Damascus (AsiaNews / Agencies) - Islamic State militias (IS) have destroyed the ancient temple of Baal Shamin, one of the most important structures in the Palmyra archaeological site in Syria. The devastation comes on the heels of the public beheading in the main square of the complex of the chief archaeologist, 81-year old Khaled al-Assad, one of the world’s leading experts on the Roman site. The sanctuary of Baal Shamin (Lord of Heaven) dated to the second century AD and was dedicated to a deity comparable to Mercury.
Both the Damascus government and the London based Syrian Observatory for Human Rights Confirmation have confirmed this latest destruction of a heritage site by Jihadists. However, both sources differ over when the structure was blown up. The head of antiquities in Syria claims the temple was blown up yesterday, while the Observatory says it dates back to a month ago.
IS took control of Palmyra in May, raising concerns from the outset over the possible destruction of the archaeological UNESCO World Heritage Site, as happened previously in Iraq.
Maamoun Abdulkarim, head of antiquities in Syria, reports that the jihadists "placed a huge amount of explosives" and then ignited them, causing "serious damage" to the structure. The "cell" (area inside the temple, ed) is "destroyed" and the surrounding columns "have collapsed".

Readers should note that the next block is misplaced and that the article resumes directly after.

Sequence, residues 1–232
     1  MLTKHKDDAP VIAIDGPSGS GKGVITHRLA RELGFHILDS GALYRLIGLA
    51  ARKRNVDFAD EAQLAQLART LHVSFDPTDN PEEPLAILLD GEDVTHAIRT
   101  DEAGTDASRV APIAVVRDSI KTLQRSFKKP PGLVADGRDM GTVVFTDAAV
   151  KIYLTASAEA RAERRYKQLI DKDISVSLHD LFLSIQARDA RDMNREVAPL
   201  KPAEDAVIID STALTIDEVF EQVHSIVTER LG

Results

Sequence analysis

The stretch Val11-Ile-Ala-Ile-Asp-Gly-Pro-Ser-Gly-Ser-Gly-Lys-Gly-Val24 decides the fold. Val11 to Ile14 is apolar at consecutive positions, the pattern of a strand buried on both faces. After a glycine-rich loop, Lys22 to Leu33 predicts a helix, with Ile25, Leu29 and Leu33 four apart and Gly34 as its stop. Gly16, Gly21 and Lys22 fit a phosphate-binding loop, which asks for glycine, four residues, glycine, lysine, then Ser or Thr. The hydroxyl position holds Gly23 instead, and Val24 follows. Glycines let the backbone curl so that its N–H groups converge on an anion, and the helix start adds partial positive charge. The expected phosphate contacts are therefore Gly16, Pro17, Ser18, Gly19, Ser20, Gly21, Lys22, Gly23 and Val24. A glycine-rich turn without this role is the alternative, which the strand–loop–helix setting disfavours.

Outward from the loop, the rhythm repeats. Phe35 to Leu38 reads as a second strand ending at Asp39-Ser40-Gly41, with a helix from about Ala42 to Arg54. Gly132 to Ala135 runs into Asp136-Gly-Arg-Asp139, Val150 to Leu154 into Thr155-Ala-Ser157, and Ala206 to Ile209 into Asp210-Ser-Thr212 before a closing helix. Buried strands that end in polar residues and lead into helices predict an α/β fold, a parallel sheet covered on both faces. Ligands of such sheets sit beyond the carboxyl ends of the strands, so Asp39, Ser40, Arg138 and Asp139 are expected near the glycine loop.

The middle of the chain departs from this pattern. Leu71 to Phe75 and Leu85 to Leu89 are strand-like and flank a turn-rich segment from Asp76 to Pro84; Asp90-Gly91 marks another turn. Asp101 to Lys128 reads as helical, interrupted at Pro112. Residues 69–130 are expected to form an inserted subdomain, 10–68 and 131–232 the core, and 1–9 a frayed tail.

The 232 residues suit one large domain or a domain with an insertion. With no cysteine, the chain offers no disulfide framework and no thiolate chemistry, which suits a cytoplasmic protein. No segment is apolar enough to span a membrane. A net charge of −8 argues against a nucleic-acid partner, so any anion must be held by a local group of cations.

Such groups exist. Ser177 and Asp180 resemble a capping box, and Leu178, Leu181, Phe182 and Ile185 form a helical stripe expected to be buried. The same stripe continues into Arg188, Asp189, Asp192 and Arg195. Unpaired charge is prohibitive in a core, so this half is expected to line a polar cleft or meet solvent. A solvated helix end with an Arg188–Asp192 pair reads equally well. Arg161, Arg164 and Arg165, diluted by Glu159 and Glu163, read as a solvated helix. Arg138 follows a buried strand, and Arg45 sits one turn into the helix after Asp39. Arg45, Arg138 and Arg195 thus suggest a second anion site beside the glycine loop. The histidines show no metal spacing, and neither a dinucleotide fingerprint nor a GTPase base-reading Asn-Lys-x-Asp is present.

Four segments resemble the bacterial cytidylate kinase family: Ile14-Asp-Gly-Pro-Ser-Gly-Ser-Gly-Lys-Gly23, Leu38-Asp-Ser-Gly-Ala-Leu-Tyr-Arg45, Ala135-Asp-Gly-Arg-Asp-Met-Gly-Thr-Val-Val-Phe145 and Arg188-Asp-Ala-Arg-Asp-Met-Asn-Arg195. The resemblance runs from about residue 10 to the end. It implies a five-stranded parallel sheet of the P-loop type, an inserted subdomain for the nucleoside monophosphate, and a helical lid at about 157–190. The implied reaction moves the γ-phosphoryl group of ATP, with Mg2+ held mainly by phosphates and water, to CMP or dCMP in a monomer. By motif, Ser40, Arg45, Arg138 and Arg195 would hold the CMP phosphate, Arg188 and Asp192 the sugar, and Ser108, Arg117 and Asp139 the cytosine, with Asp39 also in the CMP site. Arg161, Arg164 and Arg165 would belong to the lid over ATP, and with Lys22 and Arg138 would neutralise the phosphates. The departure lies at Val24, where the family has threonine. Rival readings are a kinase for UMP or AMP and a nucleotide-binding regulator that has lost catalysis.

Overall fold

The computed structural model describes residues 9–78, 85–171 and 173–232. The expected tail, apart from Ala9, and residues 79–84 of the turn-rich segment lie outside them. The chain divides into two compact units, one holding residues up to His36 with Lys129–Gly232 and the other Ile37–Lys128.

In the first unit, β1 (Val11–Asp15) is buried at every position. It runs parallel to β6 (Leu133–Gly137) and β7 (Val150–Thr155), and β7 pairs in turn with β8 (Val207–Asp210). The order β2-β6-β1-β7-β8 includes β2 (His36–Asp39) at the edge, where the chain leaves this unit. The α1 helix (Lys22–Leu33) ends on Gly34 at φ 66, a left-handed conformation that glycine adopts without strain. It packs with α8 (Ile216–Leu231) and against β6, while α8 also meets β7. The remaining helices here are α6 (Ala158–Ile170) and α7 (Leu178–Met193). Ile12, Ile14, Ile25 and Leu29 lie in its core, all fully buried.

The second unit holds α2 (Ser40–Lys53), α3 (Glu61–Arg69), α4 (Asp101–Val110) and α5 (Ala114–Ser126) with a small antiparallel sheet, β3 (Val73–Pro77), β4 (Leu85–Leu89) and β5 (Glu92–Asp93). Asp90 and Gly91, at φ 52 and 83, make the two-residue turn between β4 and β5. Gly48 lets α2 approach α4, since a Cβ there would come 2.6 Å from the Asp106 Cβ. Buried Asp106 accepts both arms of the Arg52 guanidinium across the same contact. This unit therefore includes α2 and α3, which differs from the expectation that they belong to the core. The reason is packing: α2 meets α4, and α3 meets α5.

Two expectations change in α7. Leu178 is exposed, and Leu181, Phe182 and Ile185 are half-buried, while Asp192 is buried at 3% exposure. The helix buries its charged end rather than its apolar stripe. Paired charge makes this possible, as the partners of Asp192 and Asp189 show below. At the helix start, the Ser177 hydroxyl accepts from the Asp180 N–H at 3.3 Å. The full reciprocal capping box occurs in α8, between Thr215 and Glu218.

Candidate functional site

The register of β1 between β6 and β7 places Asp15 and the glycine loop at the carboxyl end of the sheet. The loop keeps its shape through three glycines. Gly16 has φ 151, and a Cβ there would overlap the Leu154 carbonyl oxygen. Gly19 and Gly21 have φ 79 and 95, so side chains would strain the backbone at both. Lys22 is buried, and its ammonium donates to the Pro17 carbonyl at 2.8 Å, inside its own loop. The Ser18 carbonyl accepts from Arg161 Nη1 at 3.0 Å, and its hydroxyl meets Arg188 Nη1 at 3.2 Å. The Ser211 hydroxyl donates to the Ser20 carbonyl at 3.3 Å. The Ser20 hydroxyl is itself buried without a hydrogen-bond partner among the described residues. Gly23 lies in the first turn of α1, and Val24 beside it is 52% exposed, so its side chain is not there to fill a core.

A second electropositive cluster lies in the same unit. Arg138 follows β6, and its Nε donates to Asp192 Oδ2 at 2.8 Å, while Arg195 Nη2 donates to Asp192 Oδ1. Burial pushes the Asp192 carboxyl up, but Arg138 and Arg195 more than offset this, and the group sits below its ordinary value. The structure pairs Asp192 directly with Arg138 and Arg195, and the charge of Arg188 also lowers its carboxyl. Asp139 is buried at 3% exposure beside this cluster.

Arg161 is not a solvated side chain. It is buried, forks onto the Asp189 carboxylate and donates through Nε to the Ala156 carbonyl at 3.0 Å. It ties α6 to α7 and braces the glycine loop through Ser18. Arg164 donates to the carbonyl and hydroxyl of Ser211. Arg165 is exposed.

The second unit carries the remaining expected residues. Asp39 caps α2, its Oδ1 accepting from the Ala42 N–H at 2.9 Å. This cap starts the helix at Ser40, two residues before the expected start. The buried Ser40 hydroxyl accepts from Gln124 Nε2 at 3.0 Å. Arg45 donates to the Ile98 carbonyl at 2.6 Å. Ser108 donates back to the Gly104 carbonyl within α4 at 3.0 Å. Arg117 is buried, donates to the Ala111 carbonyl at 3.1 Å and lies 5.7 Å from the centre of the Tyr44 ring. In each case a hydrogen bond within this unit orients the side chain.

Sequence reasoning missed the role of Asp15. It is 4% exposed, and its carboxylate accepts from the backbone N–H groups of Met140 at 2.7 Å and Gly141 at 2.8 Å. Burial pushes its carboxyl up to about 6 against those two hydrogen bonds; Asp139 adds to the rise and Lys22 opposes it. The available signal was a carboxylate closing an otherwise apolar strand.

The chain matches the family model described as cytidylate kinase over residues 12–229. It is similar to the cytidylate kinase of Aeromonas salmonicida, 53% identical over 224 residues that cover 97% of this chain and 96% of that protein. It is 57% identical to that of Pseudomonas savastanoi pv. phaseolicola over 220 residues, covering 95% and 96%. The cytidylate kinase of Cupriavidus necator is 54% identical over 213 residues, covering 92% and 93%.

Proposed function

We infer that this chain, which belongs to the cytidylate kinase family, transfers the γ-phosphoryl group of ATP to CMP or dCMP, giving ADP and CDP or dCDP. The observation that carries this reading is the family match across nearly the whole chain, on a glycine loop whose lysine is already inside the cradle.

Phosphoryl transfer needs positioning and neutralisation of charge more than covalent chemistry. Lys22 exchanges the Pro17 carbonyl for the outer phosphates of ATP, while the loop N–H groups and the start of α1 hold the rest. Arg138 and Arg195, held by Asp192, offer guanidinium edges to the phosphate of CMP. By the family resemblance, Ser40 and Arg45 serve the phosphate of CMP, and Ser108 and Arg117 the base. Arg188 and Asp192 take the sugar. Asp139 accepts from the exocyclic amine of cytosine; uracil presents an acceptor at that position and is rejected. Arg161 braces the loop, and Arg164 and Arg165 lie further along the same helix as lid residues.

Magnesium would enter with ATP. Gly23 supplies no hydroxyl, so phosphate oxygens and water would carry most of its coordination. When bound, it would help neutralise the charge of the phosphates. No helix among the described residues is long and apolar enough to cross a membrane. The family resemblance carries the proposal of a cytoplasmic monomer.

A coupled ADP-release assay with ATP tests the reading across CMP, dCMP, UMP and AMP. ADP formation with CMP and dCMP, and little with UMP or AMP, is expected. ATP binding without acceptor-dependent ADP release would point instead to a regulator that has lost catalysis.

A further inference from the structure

Even the local residents, who fled the area to escape the militia, confirm the destruction, but added that it took place at least one month ago. Palmyra is famous for its Greek and Roman ruins and from the beginning has been a strategic objective for the IS, which generates cash flow through the trafficking of looted artifacts.
Last month militants released images depicting the destruction of artifacts taken from the complex of Palmyra. And a week ago IS publically beheaded the site director Khaled al-Assad, who refused to disclose the location where they were hiding some items of enormous importance and value.
The devastating madness of jihadist militants have previously also targeted the ancient library of Mosul, with the burning of thousands of books, age old Shiite mosques and Christian shrines and the ancient temple of Nimrud, always in Iraq. Their archaeological, historical and cultural devastation of the region is, according to the UNESCO director general Irina Bokova, "the most brutal and systematic" ever recorded since the Second World War.